Margaret Murie: Protector of Alaska's Wild Space
January 01, 2021
Margaret (Mardy) Murie (1902-2003) played a key role in studying and protecting Alaska’s wild places and conservation science and policy.
Mardy was born in 1902 and moved to Alaska when she was five. In 1924, she was the first woman to graduate from the University of Alaska Fairbanks. Along with her biologist husband Olaus, Mardy conducted field research on Arctic ecosystems. They learned that large animals, such as caribou, need vast undisturbed areas to thrive. In 1964, the Muries’ studies helped inform the federal Wilderness Act, which identified 9.1 million acres of land across the US to be to be preserved.
In 1980, their work was instrumental in helping pass the Alaska National Interest Lands Conservation Act (ANILCA), which determined the boundaries of many national parks and federal lands in Alaska. ANILCA’s provisions include protection of Alaska Native subsistence on federal lands and expansion and renaming of the Arctic National Wildlife Refuge.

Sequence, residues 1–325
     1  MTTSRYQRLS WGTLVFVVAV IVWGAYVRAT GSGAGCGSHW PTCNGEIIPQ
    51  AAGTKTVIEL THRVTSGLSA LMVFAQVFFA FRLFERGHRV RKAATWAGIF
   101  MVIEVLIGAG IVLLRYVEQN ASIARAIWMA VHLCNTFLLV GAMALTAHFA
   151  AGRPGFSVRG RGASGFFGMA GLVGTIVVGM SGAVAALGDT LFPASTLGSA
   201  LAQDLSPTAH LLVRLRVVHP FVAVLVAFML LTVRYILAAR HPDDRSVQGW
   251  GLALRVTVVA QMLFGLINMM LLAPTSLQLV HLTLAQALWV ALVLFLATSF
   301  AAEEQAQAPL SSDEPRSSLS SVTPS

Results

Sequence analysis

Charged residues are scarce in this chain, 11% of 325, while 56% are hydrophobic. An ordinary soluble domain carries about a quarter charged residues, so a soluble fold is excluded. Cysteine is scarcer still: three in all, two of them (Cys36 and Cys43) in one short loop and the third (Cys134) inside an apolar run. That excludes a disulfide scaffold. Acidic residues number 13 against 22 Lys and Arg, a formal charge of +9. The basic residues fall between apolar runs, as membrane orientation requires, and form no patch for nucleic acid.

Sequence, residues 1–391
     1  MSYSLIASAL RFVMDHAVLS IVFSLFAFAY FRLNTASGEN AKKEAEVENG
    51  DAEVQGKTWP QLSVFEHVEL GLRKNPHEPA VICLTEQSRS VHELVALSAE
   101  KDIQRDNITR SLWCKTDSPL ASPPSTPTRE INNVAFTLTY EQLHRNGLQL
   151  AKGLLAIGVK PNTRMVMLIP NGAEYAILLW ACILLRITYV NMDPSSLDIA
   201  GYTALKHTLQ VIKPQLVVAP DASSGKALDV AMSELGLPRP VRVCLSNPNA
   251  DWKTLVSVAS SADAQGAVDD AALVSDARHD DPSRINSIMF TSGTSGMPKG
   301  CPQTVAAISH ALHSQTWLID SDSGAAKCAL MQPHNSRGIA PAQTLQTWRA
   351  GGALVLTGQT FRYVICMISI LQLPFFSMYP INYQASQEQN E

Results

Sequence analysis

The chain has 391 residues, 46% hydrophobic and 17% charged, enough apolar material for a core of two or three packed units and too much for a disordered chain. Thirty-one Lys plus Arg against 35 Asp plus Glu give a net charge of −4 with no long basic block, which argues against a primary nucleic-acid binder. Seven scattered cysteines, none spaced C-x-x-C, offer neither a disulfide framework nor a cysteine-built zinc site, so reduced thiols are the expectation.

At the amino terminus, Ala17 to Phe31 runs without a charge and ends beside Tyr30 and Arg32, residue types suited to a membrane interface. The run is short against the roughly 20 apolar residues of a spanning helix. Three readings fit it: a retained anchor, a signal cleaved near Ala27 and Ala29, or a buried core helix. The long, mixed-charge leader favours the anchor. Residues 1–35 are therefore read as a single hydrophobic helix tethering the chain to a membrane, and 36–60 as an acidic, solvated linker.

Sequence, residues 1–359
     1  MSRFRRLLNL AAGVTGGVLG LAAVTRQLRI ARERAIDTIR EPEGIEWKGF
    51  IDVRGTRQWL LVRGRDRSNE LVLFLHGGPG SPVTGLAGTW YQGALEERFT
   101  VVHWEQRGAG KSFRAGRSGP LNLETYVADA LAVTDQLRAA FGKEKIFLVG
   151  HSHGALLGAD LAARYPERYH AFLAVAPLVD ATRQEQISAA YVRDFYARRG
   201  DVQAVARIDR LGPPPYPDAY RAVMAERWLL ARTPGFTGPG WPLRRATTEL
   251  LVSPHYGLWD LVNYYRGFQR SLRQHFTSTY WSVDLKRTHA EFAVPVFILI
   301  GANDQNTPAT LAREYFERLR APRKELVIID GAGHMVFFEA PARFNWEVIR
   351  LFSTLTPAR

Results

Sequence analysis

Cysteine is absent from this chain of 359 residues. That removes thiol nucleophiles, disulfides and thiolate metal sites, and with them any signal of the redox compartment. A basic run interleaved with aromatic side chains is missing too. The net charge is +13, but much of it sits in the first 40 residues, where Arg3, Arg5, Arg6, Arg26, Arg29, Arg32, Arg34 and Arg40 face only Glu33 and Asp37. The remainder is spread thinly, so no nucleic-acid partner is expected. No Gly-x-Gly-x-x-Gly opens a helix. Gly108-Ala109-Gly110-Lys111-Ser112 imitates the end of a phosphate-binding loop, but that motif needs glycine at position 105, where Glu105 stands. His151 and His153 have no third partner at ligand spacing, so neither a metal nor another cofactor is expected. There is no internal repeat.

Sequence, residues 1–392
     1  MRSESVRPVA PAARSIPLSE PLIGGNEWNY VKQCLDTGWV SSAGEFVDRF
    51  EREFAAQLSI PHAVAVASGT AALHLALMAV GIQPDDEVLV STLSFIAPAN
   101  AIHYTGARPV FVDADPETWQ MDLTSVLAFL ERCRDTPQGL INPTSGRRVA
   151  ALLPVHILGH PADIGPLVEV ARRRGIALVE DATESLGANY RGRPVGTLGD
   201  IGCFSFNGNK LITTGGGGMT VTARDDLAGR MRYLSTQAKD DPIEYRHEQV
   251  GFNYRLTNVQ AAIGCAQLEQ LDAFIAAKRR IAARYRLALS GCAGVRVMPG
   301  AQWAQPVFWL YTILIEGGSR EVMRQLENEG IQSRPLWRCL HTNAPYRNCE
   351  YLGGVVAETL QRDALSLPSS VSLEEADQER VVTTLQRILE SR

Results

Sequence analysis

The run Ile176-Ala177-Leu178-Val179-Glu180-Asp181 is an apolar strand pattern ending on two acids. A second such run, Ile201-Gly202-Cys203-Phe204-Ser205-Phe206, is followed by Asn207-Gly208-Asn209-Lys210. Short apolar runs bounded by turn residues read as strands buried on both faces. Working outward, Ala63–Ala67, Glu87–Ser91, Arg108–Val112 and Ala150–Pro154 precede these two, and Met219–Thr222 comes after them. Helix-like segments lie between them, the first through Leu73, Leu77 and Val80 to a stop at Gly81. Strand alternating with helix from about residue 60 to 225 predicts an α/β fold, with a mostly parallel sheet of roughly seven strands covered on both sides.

Mardy was presented with the Audubon Medal in 1980, the John Muir Award in 1983, the Robert Marshall Conservation Award in 1986, and, in 1998, was awarded the Presidential Medal of Freedom. Mardy died in 2003 at the age of 101.
Did you know Mardy Murie and have a story you’d like to share about her? We’d love to know more about her and about the powerful women in your life. Share your images and stories with us on Instagram and Facebook by tagging @anchoragemuseum and #ExtraToughWomenAK and we’ll add them to our ongoing digital curation project. Stay tuned for more information about the upcoming exhibition and be sure to check back for new #ExtraToughWomenAK posts.
Image courtesy of the U.S. Fish and Wildlife Service, NCTC Archived Museum